memorial-day-2

Say an Iraqi man wanders into this service. Twelve years ago as a young teen, he lost his parents, siblings, four uncles and nineteen cousins. His admittedly lively birthday party was mistaken for a resistance cell. A US tank shelled his home. It collapsed. He alone survived and came to the US as a refugee.

What is our guest to make of this pageantry? What of the nationalistic hymns, prayers, narratives and other symbols? Attached to the Christian story, might not the riot of all things patriotic obscure the cross and glory of Christ for this guest? Might not this hinder gospel proclamation?

If as Mt 28:18-20 and Re 14:6 imply, the redeemed are from every nation, is not God’s purpose undermined by our unbridled nationalistic fervor? At some point, we must not say that this simply isn’t appropriate?

Ordinarily, the ‘Statue of liberty’ imagery would be equally inappropriate. This is not to say that the church might never have occasion to use it; but in her worship, the church has numerous, ever–appropriate Biblical images — the bread and cup, the basin and towel. A rich history of Christian art — ancient, classical and modern — illustrate every Biblical theme imaginable. Use those in worship.

While Christians should join to sing these songs at parades and picnics, should they be doing so in a church worship service? Do displays of patriotism have a place in Christian worship or should they be reserved for the local minor league baseball stadium?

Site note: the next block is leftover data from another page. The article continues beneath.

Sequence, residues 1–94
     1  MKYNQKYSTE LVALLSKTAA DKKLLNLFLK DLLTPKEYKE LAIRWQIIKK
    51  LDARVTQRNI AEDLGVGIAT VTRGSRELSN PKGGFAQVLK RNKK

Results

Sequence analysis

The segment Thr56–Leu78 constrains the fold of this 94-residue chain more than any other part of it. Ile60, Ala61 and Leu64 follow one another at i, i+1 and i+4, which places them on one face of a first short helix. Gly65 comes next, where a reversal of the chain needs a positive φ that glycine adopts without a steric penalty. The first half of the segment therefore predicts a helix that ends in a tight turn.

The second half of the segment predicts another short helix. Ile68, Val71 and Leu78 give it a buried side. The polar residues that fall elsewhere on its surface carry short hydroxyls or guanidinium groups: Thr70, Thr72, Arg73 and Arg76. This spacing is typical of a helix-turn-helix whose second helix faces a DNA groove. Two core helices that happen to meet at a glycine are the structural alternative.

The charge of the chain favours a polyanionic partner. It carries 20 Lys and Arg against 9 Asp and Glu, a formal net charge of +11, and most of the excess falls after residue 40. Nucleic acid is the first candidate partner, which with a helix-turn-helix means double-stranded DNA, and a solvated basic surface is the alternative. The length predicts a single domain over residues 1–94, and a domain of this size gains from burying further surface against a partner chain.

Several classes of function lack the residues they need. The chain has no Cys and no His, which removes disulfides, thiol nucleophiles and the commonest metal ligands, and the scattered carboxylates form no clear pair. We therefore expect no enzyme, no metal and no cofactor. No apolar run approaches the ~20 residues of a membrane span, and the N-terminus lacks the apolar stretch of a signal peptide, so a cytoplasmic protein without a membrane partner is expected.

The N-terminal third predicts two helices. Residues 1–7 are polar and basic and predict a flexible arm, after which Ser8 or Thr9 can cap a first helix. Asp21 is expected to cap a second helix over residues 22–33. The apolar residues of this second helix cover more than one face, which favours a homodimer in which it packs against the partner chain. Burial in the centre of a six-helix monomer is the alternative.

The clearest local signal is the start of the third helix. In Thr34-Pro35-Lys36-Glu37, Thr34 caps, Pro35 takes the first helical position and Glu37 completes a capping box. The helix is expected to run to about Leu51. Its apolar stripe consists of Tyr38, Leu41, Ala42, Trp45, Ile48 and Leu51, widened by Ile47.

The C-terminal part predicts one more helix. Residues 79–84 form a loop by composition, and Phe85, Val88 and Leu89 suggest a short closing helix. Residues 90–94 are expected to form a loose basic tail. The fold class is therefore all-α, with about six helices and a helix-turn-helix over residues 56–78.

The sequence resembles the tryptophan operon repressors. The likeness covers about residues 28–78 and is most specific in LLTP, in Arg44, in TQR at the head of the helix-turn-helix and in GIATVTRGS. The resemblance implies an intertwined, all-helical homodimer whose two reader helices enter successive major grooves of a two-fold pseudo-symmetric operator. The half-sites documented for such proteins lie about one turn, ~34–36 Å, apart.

That’s the rub.

It is just too easy for the church to be co-opted by secular, civic premises and systems of thought. All too easily, we become the ecclesial reflection of the politics of earthly power and glory. That it is an ecclesial reflection of the powers of this age might explain why the church is where it is.

William Barber said:

rev_barber_2

‘If your Gospel isn’t good news for those who are poor…then it isn’t the Gospel of Jesus.’

This can be extended to include all people. If your Gospel doesn’t visit orphans and widows in distress … if your Gospel isn’t peace to those who are weary of strife … if your Gospel isn’t healing for the sick … if your Gospel isn’t restoration for the broken … if your Gospel isn’t protection for women, strangers and aliens, etc., … then it isn’t the Gospel of Jesus.

Whenever these or any voices are smothered or otherwise silenced, we know that we’re getting it wrong. Whenever our issues come to the fore, we must remember who we are and what we’re doing. Our central confession of faith in Jesus Christ is this:

  • Christ has died.
  • Christ has risen.
  • Christ is coming again.

That confession can never mesh with the ideologies of this world, and we would be wise to question attempts to do so.

It is never an easy task for church to rid herself of the cultural signature that is everywhere about it. It is easy for us to be blind to what this says and does. To us, it is all so normal. But we can address the more blatant displays of our culture — especially where it can cause others to stumble.